Brick and stone fencing, for example, create unique problems not faced by other fencing materials. Foundations must be poured to support these materials. In areas with unstable soils or severe weather conditions, those foundations may need to be quite deep. Discuss the potential for issues with an experienced installer before deciding to use brick or stone for fencing.
All types of wood fencing require some level of maintenance. Wood will, eventually, deteriorate in the best of circumstances. Left without maintenance, wood fencing is likely to deteriorate quite rapidly, especially in wet regions. The materials selected will determine the lifespan, but properly installed and maintained wood fences will last longer than fencing that’s not properly treated initially or during its life. Wood fencing is relatively easy to install, but does require carpentry skills.
Wrought iron fencing requires far less maintenance than its wooden counterparts, but some upkeep is still required. Rust is the enemy with this option, so repainting occasionally will be needed. Newer fencing varieties include aluminum rather than iron, which eliminates the rust concern, but aluminum also deteriorates under some conditions. When considering wrought iron as a fencing option, discuss local conditions with a fencing professional prior to making any decisions. This type of fencing is also unforgiving during installation, making it one of the more difficult options to install properly.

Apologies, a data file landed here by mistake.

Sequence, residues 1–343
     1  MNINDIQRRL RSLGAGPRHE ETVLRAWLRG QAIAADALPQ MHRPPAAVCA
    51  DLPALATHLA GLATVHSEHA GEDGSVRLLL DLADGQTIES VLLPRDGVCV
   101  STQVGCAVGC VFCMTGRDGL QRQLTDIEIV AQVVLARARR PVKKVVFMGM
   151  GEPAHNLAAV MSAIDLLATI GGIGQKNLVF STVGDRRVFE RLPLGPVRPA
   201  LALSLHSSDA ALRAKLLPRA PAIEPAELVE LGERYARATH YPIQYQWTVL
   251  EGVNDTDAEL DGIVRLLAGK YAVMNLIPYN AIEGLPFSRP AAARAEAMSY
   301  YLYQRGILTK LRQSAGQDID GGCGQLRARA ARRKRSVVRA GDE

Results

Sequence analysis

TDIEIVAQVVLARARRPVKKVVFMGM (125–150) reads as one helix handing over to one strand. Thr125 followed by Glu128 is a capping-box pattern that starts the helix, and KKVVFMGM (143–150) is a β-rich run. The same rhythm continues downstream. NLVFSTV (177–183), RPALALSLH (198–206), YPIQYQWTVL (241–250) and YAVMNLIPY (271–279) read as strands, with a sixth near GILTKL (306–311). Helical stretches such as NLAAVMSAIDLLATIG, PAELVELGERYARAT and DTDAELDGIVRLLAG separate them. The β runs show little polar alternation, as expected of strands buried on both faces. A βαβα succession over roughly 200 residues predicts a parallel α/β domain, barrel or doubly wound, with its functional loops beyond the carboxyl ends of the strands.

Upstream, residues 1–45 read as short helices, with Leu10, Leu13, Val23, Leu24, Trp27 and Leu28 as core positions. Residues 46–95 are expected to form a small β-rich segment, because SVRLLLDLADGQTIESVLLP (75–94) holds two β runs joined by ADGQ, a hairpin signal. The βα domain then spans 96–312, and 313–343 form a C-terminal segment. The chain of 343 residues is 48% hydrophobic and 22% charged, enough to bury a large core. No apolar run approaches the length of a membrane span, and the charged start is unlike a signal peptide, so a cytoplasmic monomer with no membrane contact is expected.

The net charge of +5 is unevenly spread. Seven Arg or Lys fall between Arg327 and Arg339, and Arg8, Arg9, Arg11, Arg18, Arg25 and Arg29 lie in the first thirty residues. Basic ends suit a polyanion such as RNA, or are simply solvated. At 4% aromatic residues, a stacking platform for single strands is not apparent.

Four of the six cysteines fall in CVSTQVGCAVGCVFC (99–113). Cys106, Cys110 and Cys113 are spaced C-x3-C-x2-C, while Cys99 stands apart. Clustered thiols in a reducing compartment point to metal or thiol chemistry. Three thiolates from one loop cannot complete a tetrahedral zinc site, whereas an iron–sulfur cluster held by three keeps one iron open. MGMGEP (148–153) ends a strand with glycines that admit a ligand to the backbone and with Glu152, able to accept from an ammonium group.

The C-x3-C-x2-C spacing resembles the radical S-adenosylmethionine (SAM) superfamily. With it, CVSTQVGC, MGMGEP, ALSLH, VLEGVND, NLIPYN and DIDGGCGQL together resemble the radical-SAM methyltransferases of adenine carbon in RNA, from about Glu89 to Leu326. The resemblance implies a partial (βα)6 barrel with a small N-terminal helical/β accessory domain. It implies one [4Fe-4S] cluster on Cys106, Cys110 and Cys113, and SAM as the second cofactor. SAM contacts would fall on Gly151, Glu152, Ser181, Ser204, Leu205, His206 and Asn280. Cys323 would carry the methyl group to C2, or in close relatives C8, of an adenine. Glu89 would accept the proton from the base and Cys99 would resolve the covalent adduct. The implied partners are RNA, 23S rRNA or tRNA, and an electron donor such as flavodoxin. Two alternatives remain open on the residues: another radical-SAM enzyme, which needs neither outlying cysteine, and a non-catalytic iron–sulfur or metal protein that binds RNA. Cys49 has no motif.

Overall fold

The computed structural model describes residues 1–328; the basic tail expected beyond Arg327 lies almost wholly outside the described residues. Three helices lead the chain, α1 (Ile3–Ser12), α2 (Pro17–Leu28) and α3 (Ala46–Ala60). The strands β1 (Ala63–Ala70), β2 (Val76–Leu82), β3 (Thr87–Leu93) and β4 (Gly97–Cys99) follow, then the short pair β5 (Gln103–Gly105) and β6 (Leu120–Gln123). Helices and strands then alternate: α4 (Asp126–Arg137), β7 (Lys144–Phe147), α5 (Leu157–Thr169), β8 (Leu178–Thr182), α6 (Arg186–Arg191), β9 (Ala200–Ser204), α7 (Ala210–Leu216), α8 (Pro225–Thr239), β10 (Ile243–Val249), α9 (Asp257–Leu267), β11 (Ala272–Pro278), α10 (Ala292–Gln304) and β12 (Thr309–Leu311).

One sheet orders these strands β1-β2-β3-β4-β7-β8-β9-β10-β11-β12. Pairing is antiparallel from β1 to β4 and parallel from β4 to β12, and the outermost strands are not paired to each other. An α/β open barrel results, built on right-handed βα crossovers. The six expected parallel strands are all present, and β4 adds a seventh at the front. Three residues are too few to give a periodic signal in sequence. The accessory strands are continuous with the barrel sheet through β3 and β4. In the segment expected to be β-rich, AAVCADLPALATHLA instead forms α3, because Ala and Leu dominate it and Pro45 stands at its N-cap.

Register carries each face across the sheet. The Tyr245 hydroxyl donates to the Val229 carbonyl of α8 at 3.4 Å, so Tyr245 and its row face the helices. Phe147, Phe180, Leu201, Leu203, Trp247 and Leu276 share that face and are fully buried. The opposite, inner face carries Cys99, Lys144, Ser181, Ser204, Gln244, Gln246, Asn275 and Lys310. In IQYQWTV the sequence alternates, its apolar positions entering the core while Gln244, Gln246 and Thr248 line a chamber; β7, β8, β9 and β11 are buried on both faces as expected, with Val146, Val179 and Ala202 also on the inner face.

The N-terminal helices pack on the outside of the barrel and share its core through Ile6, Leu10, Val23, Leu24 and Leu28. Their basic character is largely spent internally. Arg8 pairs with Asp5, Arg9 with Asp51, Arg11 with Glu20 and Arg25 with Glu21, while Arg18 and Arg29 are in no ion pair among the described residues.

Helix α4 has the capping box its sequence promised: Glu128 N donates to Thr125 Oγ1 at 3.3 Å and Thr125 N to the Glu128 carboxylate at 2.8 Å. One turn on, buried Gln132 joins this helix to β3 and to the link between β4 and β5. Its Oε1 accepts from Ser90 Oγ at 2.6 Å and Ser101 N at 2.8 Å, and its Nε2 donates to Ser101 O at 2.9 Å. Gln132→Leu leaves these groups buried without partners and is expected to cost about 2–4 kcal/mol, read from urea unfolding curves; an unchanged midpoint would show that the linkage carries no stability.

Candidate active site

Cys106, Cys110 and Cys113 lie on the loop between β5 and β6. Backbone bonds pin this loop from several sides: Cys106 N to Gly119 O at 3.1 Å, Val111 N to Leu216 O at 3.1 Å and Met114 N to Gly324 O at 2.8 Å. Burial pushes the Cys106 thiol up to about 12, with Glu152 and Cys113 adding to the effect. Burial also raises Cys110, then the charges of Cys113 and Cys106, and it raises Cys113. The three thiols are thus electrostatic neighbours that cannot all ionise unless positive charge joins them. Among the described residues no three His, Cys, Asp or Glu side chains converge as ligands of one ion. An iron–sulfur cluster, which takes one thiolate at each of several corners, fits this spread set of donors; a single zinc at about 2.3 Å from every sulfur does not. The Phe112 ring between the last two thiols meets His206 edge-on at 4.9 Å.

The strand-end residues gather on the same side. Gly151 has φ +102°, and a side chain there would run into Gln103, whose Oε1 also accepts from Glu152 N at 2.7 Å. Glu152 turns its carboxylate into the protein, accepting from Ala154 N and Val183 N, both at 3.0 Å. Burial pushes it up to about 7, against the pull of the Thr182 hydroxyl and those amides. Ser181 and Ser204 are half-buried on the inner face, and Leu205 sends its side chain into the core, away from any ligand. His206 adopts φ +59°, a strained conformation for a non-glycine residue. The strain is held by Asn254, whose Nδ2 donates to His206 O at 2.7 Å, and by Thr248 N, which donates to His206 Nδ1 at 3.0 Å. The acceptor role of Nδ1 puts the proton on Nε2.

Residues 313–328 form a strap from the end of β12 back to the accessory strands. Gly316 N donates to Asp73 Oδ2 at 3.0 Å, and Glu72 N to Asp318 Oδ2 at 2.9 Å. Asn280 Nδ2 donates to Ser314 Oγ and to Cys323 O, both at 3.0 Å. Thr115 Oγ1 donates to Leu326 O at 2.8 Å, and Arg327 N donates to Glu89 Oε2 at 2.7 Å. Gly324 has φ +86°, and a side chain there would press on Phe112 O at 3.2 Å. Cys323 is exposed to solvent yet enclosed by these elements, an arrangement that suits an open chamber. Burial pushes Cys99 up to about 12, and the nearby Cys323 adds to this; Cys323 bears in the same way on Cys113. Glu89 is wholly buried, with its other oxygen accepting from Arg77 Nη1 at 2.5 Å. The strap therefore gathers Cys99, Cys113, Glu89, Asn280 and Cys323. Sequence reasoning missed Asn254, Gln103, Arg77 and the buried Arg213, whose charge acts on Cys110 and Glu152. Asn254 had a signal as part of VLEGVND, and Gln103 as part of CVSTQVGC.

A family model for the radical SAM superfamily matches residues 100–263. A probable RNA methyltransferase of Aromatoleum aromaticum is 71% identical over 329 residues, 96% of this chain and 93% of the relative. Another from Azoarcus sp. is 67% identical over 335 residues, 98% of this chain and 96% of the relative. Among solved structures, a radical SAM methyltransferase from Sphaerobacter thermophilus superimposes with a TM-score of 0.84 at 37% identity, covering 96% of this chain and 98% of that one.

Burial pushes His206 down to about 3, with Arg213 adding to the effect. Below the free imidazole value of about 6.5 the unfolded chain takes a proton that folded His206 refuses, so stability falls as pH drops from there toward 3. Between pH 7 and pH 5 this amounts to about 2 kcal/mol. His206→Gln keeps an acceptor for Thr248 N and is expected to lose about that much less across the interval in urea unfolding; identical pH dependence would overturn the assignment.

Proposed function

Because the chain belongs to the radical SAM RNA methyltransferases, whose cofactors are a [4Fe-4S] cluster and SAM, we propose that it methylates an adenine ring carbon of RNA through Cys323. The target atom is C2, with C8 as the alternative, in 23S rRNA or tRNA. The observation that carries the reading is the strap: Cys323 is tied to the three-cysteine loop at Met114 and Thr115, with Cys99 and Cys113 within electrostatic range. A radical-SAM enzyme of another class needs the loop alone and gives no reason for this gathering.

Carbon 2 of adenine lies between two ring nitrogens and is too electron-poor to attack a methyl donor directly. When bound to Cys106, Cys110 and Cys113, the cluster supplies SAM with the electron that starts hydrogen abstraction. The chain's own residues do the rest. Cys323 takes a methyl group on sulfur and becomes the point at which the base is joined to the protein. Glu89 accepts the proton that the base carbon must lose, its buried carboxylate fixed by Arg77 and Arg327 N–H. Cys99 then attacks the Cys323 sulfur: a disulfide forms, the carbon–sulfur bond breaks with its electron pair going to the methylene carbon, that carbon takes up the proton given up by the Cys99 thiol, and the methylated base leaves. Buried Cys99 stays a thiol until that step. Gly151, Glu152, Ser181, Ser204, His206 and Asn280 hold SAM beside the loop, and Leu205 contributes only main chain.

Vinyl fencing is installed, to some degree, like wood fencing. Most vinyl fencing products can be cut when necessary to fit tight spaces. The material must be handled with some care to prevent marring the surfaces.
Natural fencing has unique installation issues. Since it will grow and spread, care must be taken to ensure that growth will not interfere with buried utilities or other landscaping features. Even when carefully trimmed, root growth can cause some issues, so ensure utilities will not be compromised prior to any planting. Natural fencing must also require fertilization and watering in some cases, so verify care requirements when selecting varieties.
Is it Worth the Price?
Cost considerations are also important. While homeowners tend to focus on initial expenses, it’s also important to factor ongoing maintenance costs into any discussions when selecting fencing materials. Cost comparisons must include the expense of all materials, labor, and maintenance to get a clear picture of any fencing project’s total costs.
Brick or Stone
Potentially the costliest fencing option would be brick or stone. The materials are relatively expensive, but the greatest expense is likely to the labor involved. This type of fencing takes a great deal of time to properly install, suggesting it’s probably outside the price range of most homeowners. In some cases, homeowners use brick or stone elements at gateways or corners to provide the feel of stone or brick while not having the expense of using all stone or brick. Maintenance costs of a properly constructed stone or brick fence are, however, minimal.